Rogue Dead Guy Ale..

...just hit my fav local retailer at ~US$9 per half gallon jug. Listed as a maibock...very malty...very nice, imho, so I bought 3 of 'em.
So, you guys and gals, if you've tried it, how say you?
Best regards, Bill
Reply to
Bill Becker
In article , bbe51 @rmisp.com says...
Good stuff! On tap at the local in Dallas. I wish we could get some good German maibocks around here.
Reply to
OneTus
"Bill Becker" wrote on 17 Oct 2003:
Maibock? Kinda funny, considering it's Dead Guy *Ale*
Also pretty hoppy last time I drank it. Not Brutal Bitter hoppy, but "We're Rogue, so we can't help but hop this beer too" hoppy.
That price was right, though.
Witzel
Reply to
Dave Witzel
I think this beer used to be called "Maierbock" after the head brewer. It's still top fermented though.
Reply to
Blake S
Been years since I've had it, largely because I haven't found it worth the bother. It's not a bad beer. It's not a terribly interesting one, either, IMO.
And it most certainly is not a Maibock.
-Steve
Reply to
Steve Jackson
Nope, not anymore it's not...not that it was ever _really_ close. It used to at least be made with a lager yeast, but many years ago they decided it was too much hassle to manage multiple strains (although I'm pretty sure they use multiple starins now). I agree, though, with not a bad beer, but not a trribly interesting one.
--------->Denny
--
Life begins at 60 - 1.060, that is.

Reply to denny_dot_g_dot_conn_at_ci_dot_eugene_dot_or_dot_us
Reply to
Denny Conn
'em.
That's why I made a point of mentioning "listed as a maibock". I had a feeling that this wasn't what one would consider typical of the style.
I'm working on my second jug and, I gotta say, I find it pretty interesting(despite what others feel about it) because it's something I've not tasted anything like before. I like, among other things, that it has a low level of carbonation and to me, at least, the balance between hops and malt is pretty darned good. I'll buy more *locally* while available but I wouldn't pay the extra to have it shipped to me from an online retailer. There, I guess that explains my position clearly.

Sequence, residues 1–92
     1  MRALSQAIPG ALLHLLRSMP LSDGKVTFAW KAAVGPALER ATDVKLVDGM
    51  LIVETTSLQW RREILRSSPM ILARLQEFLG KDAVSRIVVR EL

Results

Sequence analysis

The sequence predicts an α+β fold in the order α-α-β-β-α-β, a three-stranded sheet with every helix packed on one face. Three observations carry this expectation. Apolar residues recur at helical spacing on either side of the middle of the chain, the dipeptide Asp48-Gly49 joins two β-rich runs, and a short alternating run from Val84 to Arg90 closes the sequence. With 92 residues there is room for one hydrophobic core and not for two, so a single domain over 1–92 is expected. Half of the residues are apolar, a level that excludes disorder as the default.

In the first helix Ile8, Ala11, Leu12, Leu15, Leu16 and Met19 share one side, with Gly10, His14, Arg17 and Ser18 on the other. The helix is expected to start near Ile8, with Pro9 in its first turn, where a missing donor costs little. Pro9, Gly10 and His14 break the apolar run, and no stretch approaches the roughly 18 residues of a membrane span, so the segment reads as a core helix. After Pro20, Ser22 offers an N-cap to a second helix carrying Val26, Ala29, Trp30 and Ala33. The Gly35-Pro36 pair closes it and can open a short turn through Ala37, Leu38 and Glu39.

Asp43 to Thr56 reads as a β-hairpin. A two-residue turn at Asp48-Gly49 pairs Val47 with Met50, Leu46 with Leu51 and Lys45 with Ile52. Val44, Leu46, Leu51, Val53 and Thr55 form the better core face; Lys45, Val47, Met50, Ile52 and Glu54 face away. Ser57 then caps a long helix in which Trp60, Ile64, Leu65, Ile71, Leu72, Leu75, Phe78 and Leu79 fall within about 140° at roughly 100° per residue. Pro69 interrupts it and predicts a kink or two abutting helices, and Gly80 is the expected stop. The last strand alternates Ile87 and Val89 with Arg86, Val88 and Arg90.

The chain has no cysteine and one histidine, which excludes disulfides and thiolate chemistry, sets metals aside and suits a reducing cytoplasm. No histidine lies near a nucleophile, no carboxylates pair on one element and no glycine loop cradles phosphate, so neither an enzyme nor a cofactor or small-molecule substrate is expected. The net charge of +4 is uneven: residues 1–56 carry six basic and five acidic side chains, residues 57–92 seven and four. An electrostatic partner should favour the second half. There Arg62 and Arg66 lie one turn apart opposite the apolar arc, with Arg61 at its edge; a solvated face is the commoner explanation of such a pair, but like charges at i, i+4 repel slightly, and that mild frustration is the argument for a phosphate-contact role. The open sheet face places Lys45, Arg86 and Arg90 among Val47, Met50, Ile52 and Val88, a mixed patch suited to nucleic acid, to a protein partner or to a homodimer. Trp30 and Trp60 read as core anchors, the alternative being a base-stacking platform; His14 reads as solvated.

Best regards, Bill
Reply to
Bill Becker
'em.
Hi One Tusk,
How are the Saint Arnolds brews? (if you've tried them before)
Best regards, Bill
Reply to
Bill Becker
Yeah, that's what I was thinking.
I don't know, maybe my palate has been permanently *damaged* by brews like Brutal Bitter, Arrogant Bastard, Ruination, and Lagunitas Maximus but I thought the balance between hops and malt was pretty close.(hops still dominant but only just)
I thought so so...I'll probably end up buying most of his stock.
Best regards, Bill
Reply to
Bill Becker
In article , bbe51 @rmisp.com says...
Hi Bill,
Most of them are pretty decent. They make 4 beers you can get year round (Amber, Brown, Krystall Weizen and Fancy Lawnmower). They also have 4 or 5 seasonal beers.
The Lawnmower is pretty good for a real light beer, they say its a Kolsch. Its not bad on those real hot summer days.
The amber and the brown aren't to bad either. Neither one real hoppy. I think the brown one a medal this year at the GABF.
The Krystall is nothing to write home about IMHO.
The seasonal beers are pretty good. They make a pretty good winter stout and its worth a try if you get a chance. They also make a Christmas beer every year some years its real good and other years it leaves a little bit to be desired.
I'm off to try a Buffalo Bill Pumpkin Ale in a bit.
Have a great day.
Reply to
OneTusk
Last February they had Cask-conditioned St. Arnolds Amber at the Gingerman. Worth the trip if they still have it. >K
Reply to
Keith Woeltje

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